As the dad of two daughters, I've never understood the fathers who rarely show up or don't attend their daughters activities: not one soccer game, dance recital, or swim practice. Why have a child? It might not be your interest, but it is theirs which makes it yours. Just because you are male and she is female, doesn't mean you should use historical social norms to excuse your participation in the raising of your child. Three years ago I had a heart attack. I missed my daughters' dance show. Even though I had attended 90% of their activities, I decided I was never going to miss another performance or game. After all, I didn't know how much time I had left. None of us really do. Upon further reflection, I decided it was more than that. So, I came up with a list of positive things a dad should do with his daughter before she leaves the nest or in my case goes to college.

  1. Hug your daughter and tell her you love her. Multiple times. Daily.
  2. Attend every open observation, practice, game, recital, etc. Give her flowers. When appropriate.
  3. Let your daughter paint her bedroom when she is older. Buy her good brushes. Throw them away. Don't cry.
  4. Ride with her while she drives the car. Don't criticize her driving. Compliment her at least once.
  5. Create a painting together. Hang it in the living room. No matter what it looks like.
  6. Find a sport to do together once in a while such as fishing, soccer, hiking, etc. Give her some tips. Then just be.
  7. Buy her a cell phone. Program your number in it. Title it "24/7 Availability".
  8. Bake her a birthday cake. Frost it. Looks don't matter.
  9. Buy her a puppy or a kitty. You won't regret it.
  10. Have a tea party with the dolls or the stuffed animals. At the small table. In costume.
  11. Go swimming with her. No matter your body image.
  12. Paint your toenails with her. At least once. When she is young.
  13. Go to a double feature. Romance movie followed by a science fiction flick. Cry at one of them.
  14. Share hot cocoa and toast with her late at night. Dunk the buttered toast. Listen.
  15. Take pictures of her doing things. Before she is too old to say no.
  16. Go shopping with your daughter and buy her a dress. Don't look bored. Treat her to lunch.
  17. Take her to the daddy daughter dance. Get a corsage. Buy the campy photo.
  18. Tell her you are proud of her. Be specific. Several times a week.

I'm sure there are others, but this list works for me. It covers art, sports, shopping, creativity, conversation, love, food, admiration, security and empowerment. We have so little time on this planet that dads shouldn't let history, established social behavior or society dictate what they can or cannot do with their daughters. Live a little. You may want them to fly home to the nest some day.

Copyright BartzPeterson LLC DayParentDad.com
Shared painting with my daughter. Yes it is in my living room. Copyright 2014 BartzPeterson LLC DayParentDad.com.

Get This Great Tshirt For Your Girl!

 
 
By Russell W. Peterson

Journalist Mark Simpson coined the word "metrosexual" in 1994. He claims these guys are clothing and grooming obsessed. They live in metropolitan areas and spend their money on image shopping. Now he now says metrosexuals are a dime a dozen and there has been an evolution to a new man: spornosexual - a mash up of sports and porn. These dudes are obsessed with their body, fitness, abs and selfies. They spend their money on physical training and have no need for shirts.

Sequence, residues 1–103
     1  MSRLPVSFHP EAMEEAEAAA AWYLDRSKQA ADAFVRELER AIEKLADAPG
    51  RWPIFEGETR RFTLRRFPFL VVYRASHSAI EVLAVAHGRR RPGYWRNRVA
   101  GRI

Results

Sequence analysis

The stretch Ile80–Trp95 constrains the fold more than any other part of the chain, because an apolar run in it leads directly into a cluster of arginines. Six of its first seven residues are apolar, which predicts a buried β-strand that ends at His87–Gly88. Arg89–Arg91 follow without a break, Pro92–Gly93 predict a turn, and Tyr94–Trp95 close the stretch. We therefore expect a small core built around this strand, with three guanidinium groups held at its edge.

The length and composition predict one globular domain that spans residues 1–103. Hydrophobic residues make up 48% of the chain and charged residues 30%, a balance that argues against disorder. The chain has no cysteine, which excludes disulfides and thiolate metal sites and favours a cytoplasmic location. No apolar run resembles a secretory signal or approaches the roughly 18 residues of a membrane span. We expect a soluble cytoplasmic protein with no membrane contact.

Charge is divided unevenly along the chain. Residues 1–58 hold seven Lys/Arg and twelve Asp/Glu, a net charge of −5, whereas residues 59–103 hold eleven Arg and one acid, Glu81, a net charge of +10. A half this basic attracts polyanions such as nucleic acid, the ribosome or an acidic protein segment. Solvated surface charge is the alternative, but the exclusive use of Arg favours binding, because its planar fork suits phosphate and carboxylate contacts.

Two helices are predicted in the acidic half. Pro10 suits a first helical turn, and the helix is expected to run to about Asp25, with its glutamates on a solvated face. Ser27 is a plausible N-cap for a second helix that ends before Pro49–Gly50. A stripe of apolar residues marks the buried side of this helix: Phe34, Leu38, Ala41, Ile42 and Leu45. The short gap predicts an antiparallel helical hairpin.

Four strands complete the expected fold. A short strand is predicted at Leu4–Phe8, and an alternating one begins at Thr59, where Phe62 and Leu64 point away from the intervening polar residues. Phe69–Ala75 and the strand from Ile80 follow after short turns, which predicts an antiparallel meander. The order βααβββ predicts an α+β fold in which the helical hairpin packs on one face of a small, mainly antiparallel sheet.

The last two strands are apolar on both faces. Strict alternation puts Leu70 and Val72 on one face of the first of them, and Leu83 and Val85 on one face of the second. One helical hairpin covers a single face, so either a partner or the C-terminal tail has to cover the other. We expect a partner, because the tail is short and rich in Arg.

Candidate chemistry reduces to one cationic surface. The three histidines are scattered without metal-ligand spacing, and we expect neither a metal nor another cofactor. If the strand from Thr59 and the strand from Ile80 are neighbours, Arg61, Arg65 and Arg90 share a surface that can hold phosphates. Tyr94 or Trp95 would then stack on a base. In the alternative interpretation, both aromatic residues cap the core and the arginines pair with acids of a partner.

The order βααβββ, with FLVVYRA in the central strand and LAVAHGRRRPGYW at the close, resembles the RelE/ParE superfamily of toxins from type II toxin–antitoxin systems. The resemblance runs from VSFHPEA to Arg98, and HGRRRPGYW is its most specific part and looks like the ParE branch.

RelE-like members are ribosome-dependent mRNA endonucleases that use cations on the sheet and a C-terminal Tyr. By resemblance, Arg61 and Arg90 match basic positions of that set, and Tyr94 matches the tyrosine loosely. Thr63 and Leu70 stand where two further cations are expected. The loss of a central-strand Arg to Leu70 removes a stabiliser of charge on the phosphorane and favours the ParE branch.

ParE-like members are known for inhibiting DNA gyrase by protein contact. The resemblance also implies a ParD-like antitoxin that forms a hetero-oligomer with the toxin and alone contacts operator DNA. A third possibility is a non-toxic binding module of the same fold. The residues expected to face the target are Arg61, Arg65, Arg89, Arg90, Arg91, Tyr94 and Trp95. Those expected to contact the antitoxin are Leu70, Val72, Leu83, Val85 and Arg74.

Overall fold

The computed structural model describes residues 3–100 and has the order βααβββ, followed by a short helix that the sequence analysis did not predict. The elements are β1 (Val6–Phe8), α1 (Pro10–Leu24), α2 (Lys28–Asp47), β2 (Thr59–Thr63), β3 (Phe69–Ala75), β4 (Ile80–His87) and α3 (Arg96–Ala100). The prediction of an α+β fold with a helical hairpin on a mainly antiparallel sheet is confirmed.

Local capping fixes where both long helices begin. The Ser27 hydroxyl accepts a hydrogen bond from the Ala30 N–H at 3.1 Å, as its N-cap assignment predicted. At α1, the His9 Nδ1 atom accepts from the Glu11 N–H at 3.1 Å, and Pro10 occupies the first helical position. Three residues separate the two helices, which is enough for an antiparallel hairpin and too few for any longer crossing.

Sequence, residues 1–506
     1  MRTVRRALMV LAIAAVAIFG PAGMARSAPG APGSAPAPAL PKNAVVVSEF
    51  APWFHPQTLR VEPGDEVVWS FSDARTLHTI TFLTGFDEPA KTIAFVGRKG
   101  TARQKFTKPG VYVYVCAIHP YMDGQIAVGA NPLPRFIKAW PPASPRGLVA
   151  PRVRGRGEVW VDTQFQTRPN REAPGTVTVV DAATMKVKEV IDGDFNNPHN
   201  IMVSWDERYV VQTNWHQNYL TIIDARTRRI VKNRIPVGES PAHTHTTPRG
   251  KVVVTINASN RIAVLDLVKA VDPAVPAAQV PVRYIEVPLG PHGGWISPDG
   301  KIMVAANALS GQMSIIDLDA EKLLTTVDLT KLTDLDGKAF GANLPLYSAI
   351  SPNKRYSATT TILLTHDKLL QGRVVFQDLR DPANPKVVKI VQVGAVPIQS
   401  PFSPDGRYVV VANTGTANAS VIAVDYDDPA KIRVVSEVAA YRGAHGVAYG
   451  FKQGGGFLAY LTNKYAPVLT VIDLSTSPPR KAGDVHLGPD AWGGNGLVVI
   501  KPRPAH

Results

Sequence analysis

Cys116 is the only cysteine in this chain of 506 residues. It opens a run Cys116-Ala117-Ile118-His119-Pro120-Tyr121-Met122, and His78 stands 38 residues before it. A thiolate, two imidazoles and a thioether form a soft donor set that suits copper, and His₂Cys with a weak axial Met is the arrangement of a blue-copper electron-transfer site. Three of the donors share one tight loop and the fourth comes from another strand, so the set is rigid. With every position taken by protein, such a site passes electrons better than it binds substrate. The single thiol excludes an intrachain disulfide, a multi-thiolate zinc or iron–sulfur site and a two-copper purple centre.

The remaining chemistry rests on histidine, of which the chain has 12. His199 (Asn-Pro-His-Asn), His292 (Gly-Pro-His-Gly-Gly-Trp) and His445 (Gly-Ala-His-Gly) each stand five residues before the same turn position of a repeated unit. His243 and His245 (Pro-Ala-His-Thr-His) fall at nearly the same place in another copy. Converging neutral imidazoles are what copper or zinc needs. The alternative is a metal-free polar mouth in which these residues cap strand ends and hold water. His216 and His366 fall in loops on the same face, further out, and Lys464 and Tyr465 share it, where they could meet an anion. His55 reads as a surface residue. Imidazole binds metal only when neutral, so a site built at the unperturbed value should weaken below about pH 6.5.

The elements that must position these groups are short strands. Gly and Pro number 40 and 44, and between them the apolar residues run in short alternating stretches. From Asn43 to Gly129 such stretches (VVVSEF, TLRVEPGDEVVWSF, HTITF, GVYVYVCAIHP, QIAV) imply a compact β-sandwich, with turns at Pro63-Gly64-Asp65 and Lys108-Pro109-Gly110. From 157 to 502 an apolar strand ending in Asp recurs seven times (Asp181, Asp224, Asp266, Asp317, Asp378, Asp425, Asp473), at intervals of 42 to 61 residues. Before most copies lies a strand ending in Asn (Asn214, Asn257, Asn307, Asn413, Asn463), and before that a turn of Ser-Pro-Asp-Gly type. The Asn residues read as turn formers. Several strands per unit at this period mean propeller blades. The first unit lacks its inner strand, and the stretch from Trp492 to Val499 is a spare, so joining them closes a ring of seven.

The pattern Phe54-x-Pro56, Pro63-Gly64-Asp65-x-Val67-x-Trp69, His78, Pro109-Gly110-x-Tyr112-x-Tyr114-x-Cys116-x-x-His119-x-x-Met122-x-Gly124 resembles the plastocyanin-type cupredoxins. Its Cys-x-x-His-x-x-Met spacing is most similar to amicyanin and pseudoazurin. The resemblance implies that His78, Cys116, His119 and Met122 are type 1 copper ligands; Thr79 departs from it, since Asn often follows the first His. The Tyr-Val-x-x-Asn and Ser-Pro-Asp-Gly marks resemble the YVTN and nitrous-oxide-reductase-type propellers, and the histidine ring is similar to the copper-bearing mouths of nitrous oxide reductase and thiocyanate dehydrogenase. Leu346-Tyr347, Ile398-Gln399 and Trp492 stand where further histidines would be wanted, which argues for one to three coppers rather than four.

But there is another branch to the male evolutionary tree. It has taken longer to evolve; its numbers have grown dramatically in the past several years. I'm talking about the stadosexual: a mashup of stay and dad in stay at home dad. They spend their money on their families and wear gifted t-shirts. Although according to the National At Home Dad Network there are nearly seven million dads who stay at home at least one day per week and two million who do on a weekly basis, this breed is a bit more elusive to spot. 

I could say that stadosexuals aren't obsessed about their clothes, but that wouldn't be true. They are doing the family laundry nearly 24/7. There is always a pile of Mount Neverend clothing on the sofa needing to be washed or folded. Concern for their family's attire is only overshadowed by the stadosexuals need to wear the most advanced graphic designed t-shirts they've been given for father's day, Christmas and birthdays.

I could say that stadosexuals aren't obsessed about grooming, but I know many of these men spend countless hours changing diapers, washing babies, wiping up their muddy sons, brushing their daughters' hair, and painting their own toenails while playing with their girls. I'm sure they get to shower a few times a week.

I could say that stadosexuals don't live in metropolitan areas, but many of them do. Yet, many do not. They are a bit elusive. They are generally disguised as a babysitter pushing a stroller or camouflaged by a child they are carrying in their arms. The next time you see one make sure you tell them that their baby sitting disguise is working.

I could say that stadosexuls don't shop often, but we all know that isn't true. Children eat hordes of food, so weekly stints at the local market or warehouse store are very important to them. Typically you will find them in the fresh produce aisle during a week day with one or more children testing vegetable freshness or crying or screaming or behaving. Sometimes it is hard to tell.

I could say that stadosexuals aren't obsessed with their bodies, fitness or abs, but they are. The messages men are getting in media and advertising are as bad as what society has been selling to women for decades: thinner and leaner with more definition through shredding, eating less carbs, consuming more protein, training like a rock star and running a daily marathon. If a stadosexual does these things he will definitely have the muscle-defined super hero body of the comic book movie era. This is most definitely what a spouse and child wants from the stay at home male.

As mystifying as many of these traits are, there is one common trait I've witnessed in all stadosexuals: the ability to nurture their children and provide a loving home environment for their family. Not really a new breed of man, just one that is one the rise.

(Russell Peterson is a stay at home dad, architect, entrepreneur and some times lifestyle blogger. He lives in Minnesota with the trophy wife, two smart stiletto wearing daughters, three territorial cats and two escape artist dogs.)

Photography assumed in the public domain unless otherwise notified.
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The metrosexual poses in his natural environment.
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The spornosexual displays shirtless as usual.
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The stadosexual blending with family camouflage.